I love the movies. Gosh, I love movies. I love watching them and I love making them.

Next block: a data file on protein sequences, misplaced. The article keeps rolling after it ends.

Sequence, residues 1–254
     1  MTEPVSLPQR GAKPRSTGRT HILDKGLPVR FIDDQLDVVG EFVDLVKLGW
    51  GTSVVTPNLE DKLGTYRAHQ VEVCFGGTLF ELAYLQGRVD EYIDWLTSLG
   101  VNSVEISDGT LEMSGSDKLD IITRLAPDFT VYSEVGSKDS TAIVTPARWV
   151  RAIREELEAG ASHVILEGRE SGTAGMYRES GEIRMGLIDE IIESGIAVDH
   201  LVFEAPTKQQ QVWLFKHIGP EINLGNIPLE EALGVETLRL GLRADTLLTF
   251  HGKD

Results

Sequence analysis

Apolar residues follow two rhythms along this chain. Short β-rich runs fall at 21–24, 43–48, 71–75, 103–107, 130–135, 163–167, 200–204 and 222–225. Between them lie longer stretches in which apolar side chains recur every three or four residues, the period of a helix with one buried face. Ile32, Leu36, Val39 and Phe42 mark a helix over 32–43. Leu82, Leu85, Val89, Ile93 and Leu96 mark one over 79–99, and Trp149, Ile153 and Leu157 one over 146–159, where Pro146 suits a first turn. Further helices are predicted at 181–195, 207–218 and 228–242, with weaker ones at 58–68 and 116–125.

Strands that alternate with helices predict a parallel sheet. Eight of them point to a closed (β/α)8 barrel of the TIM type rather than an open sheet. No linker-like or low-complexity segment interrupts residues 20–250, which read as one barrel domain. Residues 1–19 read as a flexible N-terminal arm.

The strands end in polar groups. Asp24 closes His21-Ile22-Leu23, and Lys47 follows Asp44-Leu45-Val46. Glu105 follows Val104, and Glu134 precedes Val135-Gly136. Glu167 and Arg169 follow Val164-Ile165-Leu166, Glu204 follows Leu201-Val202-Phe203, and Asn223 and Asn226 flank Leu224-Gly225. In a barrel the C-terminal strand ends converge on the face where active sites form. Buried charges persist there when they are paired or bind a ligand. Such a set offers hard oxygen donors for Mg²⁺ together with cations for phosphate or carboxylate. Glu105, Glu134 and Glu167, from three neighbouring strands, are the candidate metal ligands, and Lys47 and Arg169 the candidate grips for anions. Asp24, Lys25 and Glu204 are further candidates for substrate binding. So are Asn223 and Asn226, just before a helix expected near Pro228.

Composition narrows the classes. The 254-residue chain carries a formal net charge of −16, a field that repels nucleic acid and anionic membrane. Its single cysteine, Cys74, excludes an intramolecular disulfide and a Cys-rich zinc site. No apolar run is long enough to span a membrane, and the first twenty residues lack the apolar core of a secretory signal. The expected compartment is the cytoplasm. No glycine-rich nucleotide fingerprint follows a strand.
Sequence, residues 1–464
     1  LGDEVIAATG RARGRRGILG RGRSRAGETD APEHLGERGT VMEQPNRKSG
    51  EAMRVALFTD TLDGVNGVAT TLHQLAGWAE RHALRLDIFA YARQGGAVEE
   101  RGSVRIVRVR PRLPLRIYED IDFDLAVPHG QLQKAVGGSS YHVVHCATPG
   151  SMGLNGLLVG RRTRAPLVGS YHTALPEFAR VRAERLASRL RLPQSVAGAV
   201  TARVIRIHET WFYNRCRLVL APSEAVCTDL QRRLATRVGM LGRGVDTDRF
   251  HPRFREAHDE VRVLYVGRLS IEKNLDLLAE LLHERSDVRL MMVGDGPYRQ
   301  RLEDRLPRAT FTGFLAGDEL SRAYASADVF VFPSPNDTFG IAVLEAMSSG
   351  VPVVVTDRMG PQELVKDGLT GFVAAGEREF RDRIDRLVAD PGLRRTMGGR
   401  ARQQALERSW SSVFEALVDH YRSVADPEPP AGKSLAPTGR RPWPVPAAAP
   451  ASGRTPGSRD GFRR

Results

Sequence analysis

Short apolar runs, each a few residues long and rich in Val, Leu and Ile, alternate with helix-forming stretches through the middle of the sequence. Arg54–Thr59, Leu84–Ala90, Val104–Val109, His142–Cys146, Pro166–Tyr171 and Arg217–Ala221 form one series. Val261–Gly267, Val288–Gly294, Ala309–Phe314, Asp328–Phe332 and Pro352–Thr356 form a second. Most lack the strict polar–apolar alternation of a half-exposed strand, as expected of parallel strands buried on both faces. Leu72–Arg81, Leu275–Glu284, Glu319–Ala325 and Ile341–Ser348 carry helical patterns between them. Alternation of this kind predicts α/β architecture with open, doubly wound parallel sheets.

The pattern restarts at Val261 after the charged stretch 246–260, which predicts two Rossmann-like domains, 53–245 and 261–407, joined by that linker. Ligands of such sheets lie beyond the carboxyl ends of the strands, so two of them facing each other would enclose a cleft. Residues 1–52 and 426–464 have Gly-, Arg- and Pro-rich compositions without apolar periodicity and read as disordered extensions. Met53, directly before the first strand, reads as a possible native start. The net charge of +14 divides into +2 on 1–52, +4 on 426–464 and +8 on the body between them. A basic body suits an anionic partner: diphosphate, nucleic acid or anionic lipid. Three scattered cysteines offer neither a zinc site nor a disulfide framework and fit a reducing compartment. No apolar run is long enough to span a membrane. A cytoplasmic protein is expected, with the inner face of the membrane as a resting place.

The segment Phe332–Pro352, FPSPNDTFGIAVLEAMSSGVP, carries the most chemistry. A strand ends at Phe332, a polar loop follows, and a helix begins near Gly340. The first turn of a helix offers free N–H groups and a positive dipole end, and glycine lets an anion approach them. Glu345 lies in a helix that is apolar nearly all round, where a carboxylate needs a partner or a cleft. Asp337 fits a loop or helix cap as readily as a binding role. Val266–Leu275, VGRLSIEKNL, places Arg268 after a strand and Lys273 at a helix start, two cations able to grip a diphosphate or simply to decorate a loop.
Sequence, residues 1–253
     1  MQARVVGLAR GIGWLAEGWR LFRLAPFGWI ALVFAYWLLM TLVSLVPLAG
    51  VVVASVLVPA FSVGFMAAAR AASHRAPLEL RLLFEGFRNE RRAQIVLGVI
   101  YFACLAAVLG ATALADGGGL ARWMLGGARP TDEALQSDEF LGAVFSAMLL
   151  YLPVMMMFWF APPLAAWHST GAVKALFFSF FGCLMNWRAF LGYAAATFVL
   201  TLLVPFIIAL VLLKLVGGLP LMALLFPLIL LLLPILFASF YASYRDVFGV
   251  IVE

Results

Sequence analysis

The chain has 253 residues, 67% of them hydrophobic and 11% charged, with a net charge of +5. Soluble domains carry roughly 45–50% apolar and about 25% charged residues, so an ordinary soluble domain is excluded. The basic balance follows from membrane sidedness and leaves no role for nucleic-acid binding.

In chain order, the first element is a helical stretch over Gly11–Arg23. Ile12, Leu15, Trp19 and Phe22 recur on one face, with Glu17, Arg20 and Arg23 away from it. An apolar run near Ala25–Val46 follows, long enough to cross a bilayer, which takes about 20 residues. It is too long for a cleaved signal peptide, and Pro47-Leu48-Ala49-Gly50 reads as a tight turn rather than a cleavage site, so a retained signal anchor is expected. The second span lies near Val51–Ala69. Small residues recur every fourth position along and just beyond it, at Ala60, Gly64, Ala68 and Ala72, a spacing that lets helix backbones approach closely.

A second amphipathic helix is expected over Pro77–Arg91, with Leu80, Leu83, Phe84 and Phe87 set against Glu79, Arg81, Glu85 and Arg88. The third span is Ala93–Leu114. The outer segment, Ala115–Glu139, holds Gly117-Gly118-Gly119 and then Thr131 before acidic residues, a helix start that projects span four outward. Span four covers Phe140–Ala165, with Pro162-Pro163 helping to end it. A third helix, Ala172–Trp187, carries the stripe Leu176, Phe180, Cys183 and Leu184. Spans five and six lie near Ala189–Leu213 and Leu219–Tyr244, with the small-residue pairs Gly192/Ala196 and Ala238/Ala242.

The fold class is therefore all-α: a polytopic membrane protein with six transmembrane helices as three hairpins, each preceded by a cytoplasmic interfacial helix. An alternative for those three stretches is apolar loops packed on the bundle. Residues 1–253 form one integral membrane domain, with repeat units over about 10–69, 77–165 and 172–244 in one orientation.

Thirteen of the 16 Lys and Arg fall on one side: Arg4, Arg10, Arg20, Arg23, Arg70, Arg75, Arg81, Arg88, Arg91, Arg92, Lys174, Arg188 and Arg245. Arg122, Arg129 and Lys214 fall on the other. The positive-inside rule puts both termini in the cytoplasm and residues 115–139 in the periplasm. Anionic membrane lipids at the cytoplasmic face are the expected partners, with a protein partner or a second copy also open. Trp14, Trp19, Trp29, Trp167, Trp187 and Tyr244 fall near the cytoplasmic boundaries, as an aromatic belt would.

We should all be so lucky to be able to do what brings us joy, what fulfills us, what helps us to be the person we want to be. To be optimistic for a moment, that’s why many people get into filmmaking because there’s some aspect of cinematic storytelling that inspires them, whether it’s the acting, the writing, the costumes, the special effects, or any other significant part of creation. Not everyone wants to be a star (Babylon’s Manny Torres) or can be (sorry, Pearl), yet we find ourselves drawn to be part of the process somehow — even just examining them incessantly is enough for some (it me). With that in mind, my favorite type of film is one that involves making movies. Some make big swings that audiences weren’t ready for (Last Action Hero), some make bigger swings that divide audiences (Babylon), and some just decide to upend the idea of what a film could be in the process of making it (One Cut of the Dead). Imagine my delight when I discovered Martika Ramirez Escobar’s Leonor Will Never Die during Sundance 2022, a dramedy that plays with the notion of storytelling to the point of overlapping universes and characters that challenge the audience to consider where the movie begins and the *idea* of the movie ends. After a theatrical and digital release in December 2022, Music Box Films is releasing Leonor on home video with nearly an hour’s worth of bonus materials that enable fans to investigate the film straight from the creator herself.